(5) Leaders must be willing to overcomerepparttar 119466 growing tide of cynicism inrepparttar 119467 business world and define an upbeat style of leadership.

Inrepparttar 119468 article “A Prescription for Leading in Cynical Times” authors James Kouzes and Barry Posner, authors ofrepparttar 119469 Leadership Challenge discuss this in detail. Cynics are evident in every company inrepparttar 119470 world. They usually believe that human conduct is motivated by self- interest, and they have a disbelief aboutrepparttar 119471 integrity of others. They have high expectations ofrepparttar 119472 world, and they are continually disappointed whenrepparttar 119473 people in their lives don’t meet those expectations. To begin working with this challenge, leaders must be willing to drop their own cynical "The World Stinks" attitude and developrepparttar 119474 qualities that others say are important to leadership such as integrity, competency,repparttar 119475 ability to relate, visioning, inspiration andrepparttar 119476 driverepparttar 119477 build a thriving and cohesive team.

(6) Leaders must be willing to pushrepparttar 119478 edges of innovation.

I want to begin by talking aboutrepparttar 119479 difference between innovation and creativity. William Coyne, senior vice president for R&D at 3M once describedrepparttar 119480 difference: "Creativity is thinking of new and appropriate ideas whereas innovation isrepparttar 119481 successful implementation of those ideas within an organization. In other words creativity isrepparttar 119482 concept and innovation isrepparttar 119483 process." Innovation always involves treading into uncertain waters, and entering a new territory can be challenging, even forrepparttar 119484 most creative of thinkers. Yet falling behind can be a great deal worse than takingrepparttar 119485 risk to stretch and grow into new markets with new ventures. If companies are to move intorepparttar 119486 future, leaders must be willing to pushrepparttar 119487 edges of innovation each and every day. Executing an experimental venture requires planning, and it requires revisiting ideas that your company may have put onrepparttar 119488 shelf years ago, and whose time has now come. It is about zeroing in onrepparttar 119489 best possible strategy, discovering what systems are needed and what processes will be required to getrepparttar 119490 job done and to come out onrepparttar 119491 profit side ofrepparttar 119492 venture. Your new offering should meetrepparttar 119493 demands of your customers and should be an improvement overrepparttar 119494 way things are currently being done. As Nike says “Just Do It.” Start today to beginrepparttar 119495 process of innovation, and see what comes about forrepparttar 119496 future of your company…you may just be surprised!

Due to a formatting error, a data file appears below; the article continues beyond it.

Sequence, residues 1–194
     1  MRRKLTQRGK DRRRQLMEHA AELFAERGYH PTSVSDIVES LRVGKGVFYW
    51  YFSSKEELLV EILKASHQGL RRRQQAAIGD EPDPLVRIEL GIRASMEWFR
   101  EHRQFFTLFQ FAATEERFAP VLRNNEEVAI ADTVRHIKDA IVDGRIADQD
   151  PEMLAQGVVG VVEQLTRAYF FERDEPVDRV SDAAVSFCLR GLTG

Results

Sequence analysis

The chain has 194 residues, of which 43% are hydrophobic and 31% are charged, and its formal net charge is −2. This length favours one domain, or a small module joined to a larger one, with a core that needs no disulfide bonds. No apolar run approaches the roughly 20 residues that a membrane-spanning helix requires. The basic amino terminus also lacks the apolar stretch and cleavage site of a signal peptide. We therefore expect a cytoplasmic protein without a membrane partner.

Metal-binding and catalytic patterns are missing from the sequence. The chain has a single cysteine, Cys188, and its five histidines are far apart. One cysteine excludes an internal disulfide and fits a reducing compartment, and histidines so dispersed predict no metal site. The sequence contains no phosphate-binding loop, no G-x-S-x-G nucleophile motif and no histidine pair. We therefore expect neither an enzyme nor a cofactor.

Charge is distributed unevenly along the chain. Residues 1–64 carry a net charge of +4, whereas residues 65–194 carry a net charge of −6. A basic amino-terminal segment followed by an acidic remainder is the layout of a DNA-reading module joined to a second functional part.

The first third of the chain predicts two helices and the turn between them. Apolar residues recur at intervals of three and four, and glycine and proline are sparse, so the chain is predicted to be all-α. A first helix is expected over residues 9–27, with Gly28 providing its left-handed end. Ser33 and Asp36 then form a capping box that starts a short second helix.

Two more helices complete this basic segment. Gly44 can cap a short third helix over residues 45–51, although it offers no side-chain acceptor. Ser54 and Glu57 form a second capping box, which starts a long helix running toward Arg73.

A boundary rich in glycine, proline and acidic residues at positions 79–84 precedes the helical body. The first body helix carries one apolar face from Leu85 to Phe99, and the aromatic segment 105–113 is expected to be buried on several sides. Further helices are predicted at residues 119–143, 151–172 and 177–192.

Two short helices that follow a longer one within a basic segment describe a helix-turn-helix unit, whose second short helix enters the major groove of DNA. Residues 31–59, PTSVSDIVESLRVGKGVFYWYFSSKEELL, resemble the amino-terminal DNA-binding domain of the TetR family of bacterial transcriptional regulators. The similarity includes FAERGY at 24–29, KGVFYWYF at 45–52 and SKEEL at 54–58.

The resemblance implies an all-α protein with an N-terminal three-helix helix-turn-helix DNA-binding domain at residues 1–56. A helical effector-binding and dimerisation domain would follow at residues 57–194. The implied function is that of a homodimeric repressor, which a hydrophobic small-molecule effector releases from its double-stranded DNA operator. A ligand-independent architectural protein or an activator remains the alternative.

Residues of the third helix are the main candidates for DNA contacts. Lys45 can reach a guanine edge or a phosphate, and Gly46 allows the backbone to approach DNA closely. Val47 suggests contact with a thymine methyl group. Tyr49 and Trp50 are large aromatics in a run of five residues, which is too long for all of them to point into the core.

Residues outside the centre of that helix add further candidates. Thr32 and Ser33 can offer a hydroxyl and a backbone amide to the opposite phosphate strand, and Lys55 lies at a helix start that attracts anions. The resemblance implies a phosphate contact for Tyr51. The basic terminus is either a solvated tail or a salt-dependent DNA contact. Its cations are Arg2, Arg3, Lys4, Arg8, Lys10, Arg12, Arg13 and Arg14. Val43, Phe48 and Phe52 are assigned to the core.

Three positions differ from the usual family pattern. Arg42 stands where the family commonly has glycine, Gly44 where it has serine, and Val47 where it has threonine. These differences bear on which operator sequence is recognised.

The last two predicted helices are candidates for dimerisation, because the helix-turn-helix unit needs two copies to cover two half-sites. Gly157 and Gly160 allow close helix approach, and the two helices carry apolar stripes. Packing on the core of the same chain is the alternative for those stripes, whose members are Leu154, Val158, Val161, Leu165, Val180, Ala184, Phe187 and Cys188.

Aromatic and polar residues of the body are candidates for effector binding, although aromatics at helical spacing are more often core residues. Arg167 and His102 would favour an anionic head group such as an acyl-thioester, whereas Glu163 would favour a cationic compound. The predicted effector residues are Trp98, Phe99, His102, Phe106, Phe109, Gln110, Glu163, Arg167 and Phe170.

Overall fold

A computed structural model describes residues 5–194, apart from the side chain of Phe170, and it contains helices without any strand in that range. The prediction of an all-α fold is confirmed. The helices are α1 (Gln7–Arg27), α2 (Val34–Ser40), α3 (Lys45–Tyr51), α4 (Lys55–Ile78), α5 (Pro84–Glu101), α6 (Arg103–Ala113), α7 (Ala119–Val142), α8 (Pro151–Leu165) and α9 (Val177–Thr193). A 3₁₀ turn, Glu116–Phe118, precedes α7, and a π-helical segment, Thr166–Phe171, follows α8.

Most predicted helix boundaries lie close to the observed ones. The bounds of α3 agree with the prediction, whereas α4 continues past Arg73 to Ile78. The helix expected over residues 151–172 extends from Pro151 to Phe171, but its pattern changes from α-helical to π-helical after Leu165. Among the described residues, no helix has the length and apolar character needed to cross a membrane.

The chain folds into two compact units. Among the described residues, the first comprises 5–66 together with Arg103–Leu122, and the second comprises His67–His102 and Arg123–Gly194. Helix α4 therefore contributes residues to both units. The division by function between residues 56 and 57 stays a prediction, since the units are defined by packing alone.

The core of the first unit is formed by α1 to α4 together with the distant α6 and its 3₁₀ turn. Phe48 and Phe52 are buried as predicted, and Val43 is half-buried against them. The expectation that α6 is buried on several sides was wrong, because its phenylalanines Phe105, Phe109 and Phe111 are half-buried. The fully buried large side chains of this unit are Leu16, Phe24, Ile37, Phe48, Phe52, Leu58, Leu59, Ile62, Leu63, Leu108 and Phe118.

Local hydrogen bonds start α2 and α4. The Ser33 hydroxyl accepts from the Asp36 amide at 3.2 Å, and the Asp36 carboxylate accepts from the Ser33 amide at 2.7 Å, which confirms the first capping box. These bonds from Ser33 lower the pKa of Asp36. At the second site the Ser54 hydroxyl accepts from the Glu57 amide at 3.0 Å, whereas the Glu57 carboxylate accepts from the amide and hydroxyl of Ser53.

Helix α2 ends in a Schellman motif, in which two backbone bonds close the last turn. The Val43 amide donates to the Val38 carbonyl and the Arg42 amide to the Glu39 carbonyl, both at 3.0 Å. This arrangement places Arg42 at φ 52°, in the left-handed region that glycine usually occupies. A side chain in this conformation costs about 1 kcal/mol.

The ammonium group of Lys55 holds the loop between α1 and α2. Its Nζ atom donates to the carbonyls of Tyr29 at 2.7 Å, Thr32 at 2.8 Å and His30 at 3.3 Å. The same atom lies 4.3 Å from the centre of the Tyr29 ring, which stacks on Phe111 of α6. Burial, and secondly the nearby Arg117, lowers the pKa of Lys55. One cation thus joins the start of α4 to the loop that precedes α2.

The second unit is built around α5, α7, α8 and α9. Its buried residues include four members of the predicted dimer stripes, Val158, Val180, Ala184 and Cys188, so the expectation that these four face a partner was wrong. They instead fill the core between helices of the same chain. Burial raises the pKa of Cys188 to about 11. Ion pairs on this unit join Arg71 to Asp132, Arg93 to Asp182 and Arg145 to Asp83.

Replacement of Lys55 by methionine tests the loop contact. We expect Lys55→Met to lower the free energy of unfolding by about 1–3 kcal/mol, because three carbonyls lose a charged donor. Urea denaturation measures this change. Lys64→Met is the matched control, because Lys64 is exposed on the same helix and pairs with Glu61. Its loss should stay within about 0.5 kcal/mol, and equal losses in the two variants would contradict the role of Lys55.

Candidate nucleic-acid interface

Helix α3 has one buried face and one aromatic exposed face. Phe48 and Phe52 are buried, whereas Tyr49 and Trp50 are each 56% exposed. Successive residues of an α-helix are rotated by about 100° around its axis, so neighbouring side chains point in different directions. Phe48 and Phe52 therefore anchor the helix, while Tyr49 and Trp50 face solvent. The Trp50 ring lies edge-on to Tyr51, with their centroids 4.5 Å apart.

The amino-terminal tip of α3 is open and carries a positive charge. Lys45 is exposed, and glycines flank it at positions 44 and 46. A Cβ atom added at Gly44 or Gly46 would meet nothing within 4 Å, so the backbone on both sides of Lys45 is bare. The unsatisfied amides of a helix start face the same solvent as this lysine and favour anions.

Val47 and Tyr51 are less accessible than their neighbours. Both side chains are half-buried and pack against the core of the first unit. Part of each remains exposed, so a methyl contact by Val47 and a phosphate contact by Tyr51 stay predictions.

Projects and Operations: An Amicable Separation

Written by Stephen Hay

Introduction Projects and Operations are quite distinct sets of activities that, when mixed, can cause unnecessary havoc withrepparttar management of each. They have different resourcing requirements, require different management styles and have different objectives. Projects are time-constrained and initiate change. Operations are ongoing and suffer change, sometimes unwillingly...

This short paper is a brief overview ofrepparttar 119429 definitions, descriptions and characteristics of each set of activities. And concludes with some recommendations for avoidingrepparttar 119430 worst of "projerations"...


Projects Most project management approaches define a project using terms such as: * a series of interrelated activities, * with a specific goal or end result, and * having specific start and finish dates.

Operations So we can broadly say that anything else is operations; upkeep activities or incremental improvement. Three key indicators that show when a set of activities is not a project (ie. is operations) are: * if there is no commitment to move ahead, or * ifrepparttar 119431 set of activities doesn't have an end date, or * ifrepparttar 119432 set of activities does not have a measurable goal.


Operations Operations can be described in terms of business functions or activities and business processes. Business functions are those groups of competence that are needed forrepparttar 119433 healthy functioning ofrepparttar 119434 organisation. They can be decomposed into business activities that are usually, but not always, encapsulated by an organisational unit. For example, human resource management,repparttar 119435 activity, is partly encapsulated byrepparttar 119436 Human Resources Department.

Business processes, onrepparttar 119437 other hand, describe howrepparttar 119438 organisation adds value. They are triggered from outsiderepparttar 119439 organisation and finish withrepparttar 119440 organisation delivering something of value.

The two most common diagrams for these views arerepparttar 119441 org-chart and process maps.

Projects Projects are described by their scope,repparttar 119442 requirements they are expected to meet andrepparttar 119443 resources required to meet them. They have a deadline, milestones, stakeholders, steering groups, a budget, and change and communication plans.

They are initiated, planned, executed and completed. They add value forrepparttar 119444 stakeholders, who may or may not be outsiderepparttar 119445 organisation.

The most common diagrams to help describe projects are: a GANTT chart for resource allocation, and PERT chart for critical path analysis.

Characteristics of Projects and Operations Activities grouped to form Projects or Operations are easily identifiable as each has its own set of characteristics. Generally speaking they are mutually exclusive though this is not alwaysrepparttar 119446 case. The table below outlines these in a comparative manner so that, inrepparttar 119447 first instance,repparttar 119448 distinction can be made.

Operations * Repetitive * Continuous * Deals withrepparttar 119449 Present * Evolutionary change * Equilibrium * Suffer change * Pre-defined objectives * Stable resources * Stability * Efficiency * Roles * Security and Predictability